Economics, to me, is like art; I can appreciate it, I can discuss it, even argue about it but I can’t really do it; as the following paragraphs will probably go to show.
I attended a conference at the end of last week which contained a number of presentations and conversations about the economy. It changed how I think about things quite substantially.
On the one hand, while we face huge fiscal challenges and the austerity programme is already causing pain, I concluded that the straight jacket we are in may not be at tight as is usually presented. For a start, the scale of the fiscal challenge depends a great deal on the estimate of how much of the deficit is structural - the more scope we judge there is for the economy to grow without inflation the less we should be worried about the medium term sustainability of public debt. A speaker at the conference said he had heard convincing estimates for the size of the output gap ranging from zero to six per cent of GDP. Second, adding a year or two to the timeframe for cutting the deficit (as George Osborne has already done) can make quite a difference to the speed at which cuts need to be made. Third, as the muted market reaction to the decision of the heavily indebted Japanese Government to inject yet more cash into the economy suggests, international financial markets seem right now more concerned about growth - or the lack of it - than debt.
When economic debate isn’t focussed on the deficit it tends to focus on growth. The implication is that if only we could have a few years of two or three per cent growth - perhaps spurred by a temporary tax cut or some infrastructure spending - then we would be well on the way to recovery. But this belies the deeper nature of our economic problems.
For example, we continue to be the most privately indebted of the OECD countries, a debt concentrated disproportionately in the lowest income groups. There is simply no way for the poorest to get out of debt, because even if the economy did grow a rise in interest rates would plunge over the edge millions who are only just managing to meet interest charges. As ministers desperately scan the sky for rays of sunshine the clouds are continuing to gather over these families with welfare cuts and rising transport and utility charges (water becomes the latest today).
Back out in the economy at large, there is the huge decline in productivity which has occurred in the last few years, from the already modest base line at which we started when the credit crunch hit. This may in turn help to explain why after a twenty per cent devaluation in the pound in the last few years we are still experiencing a huge balance of payments deficit, one which would be substantially worse were it not for the contribution of the publicly-reviled financial services sector.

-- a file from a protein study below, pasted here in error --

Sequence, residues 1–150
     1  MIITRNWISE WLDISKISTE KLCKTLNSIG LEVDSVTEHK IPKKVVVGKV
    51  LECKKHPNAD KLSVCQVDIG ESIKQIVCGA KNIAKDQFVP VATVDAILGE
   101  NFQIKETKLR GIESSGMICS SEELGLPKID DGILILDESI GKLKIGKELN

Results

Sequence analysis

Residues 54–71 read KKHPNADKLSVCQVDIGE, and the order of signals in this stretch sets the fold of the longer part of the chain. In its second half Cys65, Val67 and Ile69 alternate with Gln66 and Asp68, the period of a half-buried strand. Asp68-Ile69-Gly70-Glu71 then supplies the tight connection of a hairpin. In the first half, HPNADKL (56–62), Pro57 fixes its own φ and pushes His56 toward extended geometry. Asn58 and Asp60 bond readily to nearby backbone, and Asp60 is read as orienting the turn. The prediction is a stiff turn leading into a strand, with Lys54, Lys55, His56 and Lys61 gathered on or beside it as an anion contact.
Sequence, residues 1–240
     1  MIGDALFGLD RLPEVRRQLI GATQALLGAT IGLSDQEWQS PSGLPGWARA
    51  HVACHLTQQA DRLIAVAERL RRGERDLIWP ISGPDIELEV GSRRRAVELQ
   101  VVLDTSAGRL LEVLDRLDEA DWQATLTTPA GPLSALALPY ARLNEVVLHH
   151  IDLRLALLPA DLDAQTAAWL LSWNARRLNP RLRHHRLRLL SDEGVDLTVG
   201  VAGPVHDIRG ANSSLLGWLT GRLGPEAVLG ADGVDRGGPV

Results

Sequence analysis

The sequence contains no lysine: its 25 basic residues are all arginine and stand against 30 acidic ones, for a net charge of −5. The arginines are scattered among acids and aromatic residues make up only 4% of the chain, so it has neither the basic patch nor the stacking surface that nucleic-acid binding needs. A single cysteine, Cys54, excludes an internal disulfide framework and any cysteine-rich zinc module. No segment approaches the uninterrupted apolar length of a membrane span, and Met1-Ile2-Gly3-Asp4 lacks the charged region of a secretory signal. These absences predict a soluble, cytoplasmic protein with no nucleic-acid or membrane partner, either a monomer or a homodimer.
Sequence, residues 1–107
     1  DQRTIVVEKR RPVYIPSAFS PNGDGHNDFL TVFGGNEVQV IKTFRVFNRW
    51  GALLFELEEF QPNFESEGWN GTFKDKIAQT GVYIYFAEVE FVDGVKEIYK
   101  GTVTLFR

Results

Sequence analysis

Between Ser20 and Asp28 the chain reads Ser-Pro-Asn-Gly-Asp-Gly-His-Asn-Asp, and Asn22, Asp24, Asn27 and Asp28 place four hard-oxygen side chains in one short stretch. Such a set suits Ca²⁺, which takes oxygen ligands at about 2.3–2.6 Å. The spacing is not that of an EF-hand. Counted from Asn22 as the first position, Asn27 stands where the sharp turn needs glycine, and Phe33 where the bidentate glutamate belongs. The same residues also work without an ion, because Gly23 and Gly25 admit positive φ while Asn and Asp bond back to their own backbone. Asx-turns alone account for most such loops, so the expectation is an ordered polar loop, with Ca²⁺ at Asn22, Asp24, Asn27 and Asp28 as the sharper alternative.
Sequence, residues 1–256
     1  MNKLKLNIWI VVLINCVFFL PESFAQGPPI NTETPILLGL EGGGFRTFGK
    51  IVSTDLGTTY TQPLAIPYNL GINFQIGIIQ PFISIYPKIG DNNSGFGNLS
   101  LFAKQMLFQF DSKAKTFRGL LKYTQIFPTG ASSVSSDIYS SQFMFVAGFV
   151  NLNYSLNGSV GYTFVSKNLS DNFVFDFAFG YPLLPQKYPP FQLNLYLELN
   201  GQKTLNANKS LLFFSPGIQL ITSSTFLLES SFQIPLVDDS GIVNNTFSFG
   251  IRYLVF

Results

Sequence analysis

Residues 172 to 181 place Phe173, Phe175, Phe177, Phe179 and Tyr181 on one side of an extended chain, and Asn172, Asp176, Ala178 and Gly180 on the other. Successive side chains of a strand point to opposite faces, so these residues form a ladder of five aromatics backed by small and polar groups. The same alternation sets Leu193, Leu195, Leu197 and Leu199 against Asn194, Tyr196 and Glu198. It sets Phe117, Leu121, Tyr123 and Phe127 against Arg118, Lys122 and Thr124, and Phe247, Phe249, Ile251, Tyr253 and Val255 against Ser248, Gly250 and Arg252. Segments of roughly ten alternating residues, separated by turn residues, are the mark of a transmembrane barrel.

At this point we might add to the list the continuing hollowing out of the labour force leaving an ever bigger gulf separating the low productivity low pay service sector from the professional and managerial classes, and the latter from the global plutocracy who now use central London property as a massive piggy bank. And even at the scientific top end of the economy on which so many ministers seem to rest their hopes, there is both a decline in research and development investment by big firms and problems with translating Government intentions and funding for innovation into anything like the scale of new invention and enterprise needed.
There are three ways of looking at this (there always are). The basically complacent one I have described; with a bit of pushing and shoving growth will return. Then there is the gloomy one suggesting we have entered an era of low growth, stagnant living standards and a declining public sphere. The third is that in the face of all of this we need not only to think much more profoundly and talk much more openly about our economic challenges, but also to be willing to do some genuinely innovative things in relation to policy on tax (maybe a ‘use it or lose it’ tax on corporate balance sheets), spending (making tough decision on less productive public spending so more can go to those things which boost employment and skills), employment (an urgent national crusade to end long term youth unemployment), training (by 2020 every job should be a learning job), investing assets (using social housing receipts and public sector pension for productive investment) devolving to cities (implementing the Heseltine report and strengthening city regions).
To be honest, I don’t know all the pros and cons for these six ideas, and even if I did I might not understand them. But desperate times require desperate measures and, be in no doubt, for the UK economy these ARE desperate times.
Hannah Webster reflects on new research that highlights the difficulty for those with long-term health conditions to achieve economic security.